Highest Sept rain in 19 yrs clogs, inundates Capital

Posted by Daily Pioneer on September 2nd, 2021

The Wednesday rain was the highest single-day rainfall in September in 19 years. Weather stations in the city recorded 112.1 mm rainfall in 24 hours.

Waterlogging and traffic snarls were witnessed in many parts of the city, including the Minto Road railway underpass, while several low-lying areas submerged.

According to the Delhi Traffic Police and PWD officials, Minto Bridge, Janpath Road, surrounding areas of Lajpat Nagar Metro Station, Munirka, Lala Lajpat Rai Marg, Moolchand Bus Stand, Aurobindo Marg near the AIIMS flyover, surrounding areas of Jungpura Metro Station, Ring Road near Moolchand and Rohtak Road were among the places hit by waterlogging.

The Delhi Traffic Police took to the Twitter and informed commuters of traffic diversions. “Traffic movement on Minto Bridge has been closed due to waterlogging. Traffic diverted from CP towards Barakhamba and traffic coming from Kamla Market side diverted towards Deen Dayal Upadhyay Road,” traffic police said in a tweet.

“Zakhira underpass is closed due to waterlogging. Kindly take alternative from Anand Parbat/Roshanara Road. Obstruction in the carriageway from Dhaula Kuan towards 11 Murti due to heavy waterlogging. Traffic is moving in one lane,” the traffic police said on Twitter.

It said that traffic at Azad Market Subway towards Pratap Nagar has been obstructed due to waterlogging and appealed to commuters to avoid the stretch.

The intensity of rain was such that it reduced visibility on roads and the traffic department had to issue an advisory for commuters to put on the headlights of their vehicles.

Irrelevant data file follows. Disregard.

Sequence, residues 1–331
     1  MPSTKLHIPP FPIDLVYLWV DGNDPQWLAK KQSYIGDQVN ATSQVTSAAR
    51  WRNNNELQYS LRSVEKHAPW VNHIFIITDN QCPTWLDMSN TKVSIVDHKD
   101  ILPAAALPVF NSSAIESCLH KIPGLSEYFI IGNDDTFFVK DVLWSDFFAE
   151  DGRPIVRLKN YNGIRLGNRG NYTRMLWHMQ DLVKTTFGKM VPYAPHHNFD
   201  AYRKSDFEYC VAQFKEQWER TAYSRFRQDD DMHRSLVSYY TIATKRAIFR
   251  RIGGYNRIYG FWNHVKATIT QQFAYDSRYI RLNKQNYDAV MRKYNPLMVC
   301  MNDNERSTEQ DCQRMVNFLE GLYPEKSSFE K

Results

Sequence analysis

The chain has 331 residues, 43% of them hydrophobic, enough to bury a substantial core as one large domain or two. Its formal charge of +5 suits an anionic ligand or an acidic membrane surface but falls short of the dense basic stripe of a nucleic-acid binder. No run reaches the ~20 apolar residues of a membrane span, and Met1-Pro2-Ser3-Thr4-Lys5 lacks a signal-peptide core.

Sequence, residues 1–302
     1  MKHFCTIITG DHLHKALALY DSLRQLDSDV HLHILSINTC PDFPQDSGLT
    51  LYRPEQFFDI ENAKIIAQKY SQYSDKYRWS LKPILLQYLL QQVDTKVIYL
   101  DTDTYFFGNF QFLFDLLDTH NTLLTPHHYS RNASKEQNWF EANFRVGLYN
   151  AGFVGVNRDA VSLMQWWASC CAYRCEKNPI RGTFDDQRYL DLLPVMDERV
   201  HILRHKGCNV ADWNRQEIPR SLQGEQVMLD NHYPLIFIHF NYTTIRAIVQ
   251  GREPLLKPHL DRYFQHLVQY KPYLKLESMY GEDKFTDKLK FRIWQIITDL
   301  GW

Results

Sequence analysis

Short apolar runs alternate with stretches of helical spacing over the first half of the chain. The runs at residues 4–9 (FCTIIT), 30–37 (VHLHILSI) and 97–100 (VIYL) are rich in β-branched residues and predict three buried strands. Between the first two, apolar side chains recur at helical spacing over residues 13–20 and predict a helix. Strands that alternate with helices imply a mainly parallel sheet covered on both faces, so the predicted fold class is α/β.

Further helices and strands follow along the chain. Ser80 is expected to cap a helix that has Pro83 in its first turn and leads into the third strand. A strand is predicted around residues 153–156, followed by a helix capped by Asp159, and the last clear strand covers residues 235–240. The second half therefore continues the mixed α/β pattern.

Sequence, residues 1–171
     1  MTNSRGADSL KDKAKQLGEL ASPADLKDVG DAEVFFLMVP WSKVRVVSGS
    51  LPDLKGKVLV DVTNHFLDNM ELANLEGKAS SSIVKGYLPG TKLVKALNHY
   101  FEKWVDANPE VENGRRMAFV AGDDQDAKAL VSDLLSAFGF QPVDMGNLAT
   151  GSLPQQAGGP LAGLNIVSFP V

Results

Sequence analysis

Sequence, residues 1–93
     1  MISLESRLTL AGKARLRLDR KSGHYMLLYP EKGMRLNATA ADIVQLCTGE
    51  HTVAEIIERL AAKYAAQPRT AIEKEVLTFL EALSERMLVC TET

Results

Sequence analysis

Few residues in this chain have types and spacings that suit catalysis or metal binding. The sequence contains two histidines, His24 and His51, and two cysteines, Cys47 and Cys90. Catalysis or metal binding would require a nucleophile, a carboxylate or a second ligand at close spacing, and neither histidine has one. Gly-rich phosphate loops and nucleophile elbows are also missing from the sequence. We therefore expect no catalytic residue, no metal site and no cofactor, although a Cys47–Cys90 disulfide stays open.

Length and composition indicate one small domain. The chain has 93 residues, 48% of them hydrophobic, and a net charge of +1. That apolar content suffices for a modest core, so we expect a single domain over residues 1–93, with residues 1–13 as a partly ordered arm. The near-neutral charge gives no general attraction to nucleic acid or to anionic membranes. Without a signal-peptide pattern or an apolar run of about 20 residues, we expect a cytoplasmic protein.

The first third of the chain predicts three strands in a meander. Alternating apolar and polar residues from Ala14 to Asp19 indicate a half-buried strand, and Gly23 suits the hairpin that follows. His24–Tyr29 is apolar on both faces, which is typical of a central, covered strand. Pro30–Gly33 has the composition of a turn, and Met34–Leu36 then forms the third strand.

“It is advisable to put your vehicle headlights on during the rainy season to increase visibility,” the traffic police said.

The PWD officials said waterlogging complaints were being addressed without delay.

“Due to high intensity rains waterlogging occurred at a number of locations in the city. Our field staff is on the ground to tackle waterlogging issues,” a senior PWD official said.

On an average, the capital gauges 125.1 mm precipitation in September every year, according to the India Meteorological Department (IMD). This means that Delhi recorded 90 percent of the monthly quota of rain on the first day of the month. Mahesh Palawat, Vice President, Skymet Weather, a private forecasting agency, said the monsoon pattern is changing due to climate change. “The number of rainy days has reduced over the last four to five years, and there has been an increase in extreme weather events,” he said.

“We have been recording short and intense bouts of rains, sometimes around 100 mm rainfall in just 24 hours. In the past, this much precipitation would occur over a period of 10 to 15 days,” he said.

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